The women were subjected to invasive examinations in the hunt for an abandoned baby's mother earlier this month. Qatar "regrets" harming personal freedoms but has not yet explained why officials conducted the searches.
Qatar apologized Wednesday after authorities carried out invasive examinations on female passengers at Doha's Hamad International Airport earlier this month.
"While the aim of the urgently-decided search was to prevent the perpetrators of the horrible crime from escaping, the State of Qatar regrets any distress or infringement on the personal freedoms of any traveler caused by this action," a statement posted on a government website said.
A "comprehensive, transparent" investigation would be carried out, Prime Minister Sheikh Khalid bin Khalifa bin Abdulaziz Al Thani said in the statement.
The 13 Australian women and five of other nationalities were removed from a Sydney-bound Qatar Airways flight in Doha on October 2 after a newborn was found abandoned in an airport bathroom.
The women were forced to undergo vaginal inspections, reportedly on the tarmac.
The incident sparked a diplomatic row between Australia and Qatar.
Qatar offered no immediate explanation of how officials decided to perform invasive vaginal examinations on the women.
But in the statement issued early on Wednesday, Qatar's Government Communications Office said authorities had discovered the newborn "concealed in a plastic bag and buried under garbage" at the airport.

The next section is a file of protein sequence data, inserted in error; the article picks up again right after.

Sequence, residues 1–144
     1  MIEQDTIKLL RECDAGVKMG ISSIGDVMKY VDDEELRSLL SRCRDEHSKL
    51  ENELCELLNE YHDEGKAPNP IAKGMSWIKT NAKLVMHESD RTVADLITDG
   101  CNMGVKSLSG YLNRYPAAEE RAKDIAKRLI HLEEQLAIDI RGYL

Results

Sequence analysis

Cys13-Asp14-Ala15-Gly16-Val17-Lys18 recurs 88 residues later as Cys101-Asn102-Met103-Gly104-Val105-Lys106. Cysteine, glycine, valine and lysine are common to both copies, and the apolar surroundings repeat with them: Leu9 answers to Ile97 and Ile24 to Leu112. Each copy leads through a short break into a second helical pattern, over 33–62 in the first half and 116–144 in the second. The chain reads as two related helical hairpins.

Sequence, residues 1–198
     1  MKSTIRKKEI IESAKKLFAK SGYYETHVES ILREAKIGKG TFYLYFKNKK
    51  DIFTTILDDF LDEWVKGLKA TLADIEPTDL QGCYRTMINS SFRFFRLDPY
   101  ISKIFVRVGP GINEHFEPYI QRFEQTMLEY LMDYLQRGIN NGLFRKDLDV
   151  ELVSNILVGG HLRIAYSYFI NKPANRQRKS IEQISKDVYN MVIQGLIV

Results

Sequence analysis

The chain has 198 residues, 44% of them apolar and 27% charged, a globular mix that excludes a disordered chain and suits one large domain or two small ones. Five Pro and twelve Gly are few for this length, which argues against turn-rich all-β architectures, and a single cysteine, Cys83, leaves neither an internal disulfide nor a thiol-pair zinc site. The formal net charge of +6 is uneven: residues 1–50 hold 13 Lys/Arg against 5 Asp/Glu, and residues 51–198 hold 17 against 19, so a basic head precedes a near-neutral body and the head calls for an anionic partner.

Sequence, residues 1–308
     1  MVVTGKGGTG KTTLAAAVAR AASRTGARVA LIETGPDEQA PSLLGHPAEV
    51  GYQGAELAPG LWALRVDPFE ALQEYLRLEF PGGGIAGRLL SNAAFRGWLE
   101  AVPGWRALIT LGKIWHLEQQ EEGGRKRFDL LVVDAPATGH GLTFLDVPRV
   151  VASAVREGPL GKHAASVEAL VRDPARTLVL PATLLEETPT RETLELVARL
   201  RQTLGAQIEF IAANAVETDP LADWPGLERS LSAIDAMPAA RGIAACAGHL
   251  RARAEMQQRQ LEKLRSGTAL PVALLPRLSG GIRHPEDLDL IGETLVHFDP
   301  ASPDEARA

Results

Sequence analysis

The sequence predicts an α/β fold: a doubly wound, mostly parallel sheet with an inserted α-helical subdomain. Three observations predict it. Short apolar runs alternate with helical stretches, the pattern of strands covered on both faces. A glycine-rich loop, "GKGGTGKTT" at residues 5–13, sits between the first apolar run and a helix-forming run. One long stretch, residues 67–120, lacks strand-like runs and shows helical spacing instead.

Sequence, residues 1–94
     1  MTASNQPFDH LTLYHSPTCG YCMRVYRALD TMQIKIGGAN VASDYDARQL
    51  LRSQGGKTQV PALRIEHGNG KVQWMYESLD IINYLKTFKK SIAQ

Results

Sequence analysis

It called the discovery an "egregious and life-threatening violation of the law," adding that officials were hoping to find the baby's parents.
Human rights activists describe such examinations conducted under duress as equivalent to sexual assault.
Australia described the situation as inappropriate and beyond circumstances in which the women could give free and informed consent. Australian Federal Police also are examining the matter.
"This is a grossly, grossly disturbing, offensive, concerning set of events,'' Australia's Foreign Minister Marise Payne told reporters on Monday. "It's not something that I've ever heard of occurring in my life, in any context. We have made our views very clear to Qatari authorities on this matter.''
Doha has invested heavily in social projects that include women's health and educational initiatives. Its state-funded broadcaster Al-Jazeera also stands up for women's rights.
But in the conservative Muslim monarchy, sex and childbirth out of wedlock are still jailable offenses. The country has struggled to reassure critics that its promises on women's rights, labor relations and democracy are credible.